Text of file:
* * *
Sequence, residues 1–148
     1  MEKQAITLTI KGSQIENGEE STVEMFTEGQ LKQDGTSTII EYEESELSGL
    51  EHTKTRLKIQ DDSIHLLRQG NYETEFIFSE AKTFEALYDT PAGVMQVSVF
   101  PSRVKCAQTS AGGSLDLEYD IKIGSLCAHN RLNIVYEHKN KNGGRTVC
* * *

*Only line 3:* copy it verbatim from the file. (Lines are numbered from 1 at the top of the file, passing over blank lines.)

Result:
    51  EHTKTRLKIQ DDSIHLLRQG NYETEFIFSE AKTFEALYDT PAGVMQVSVF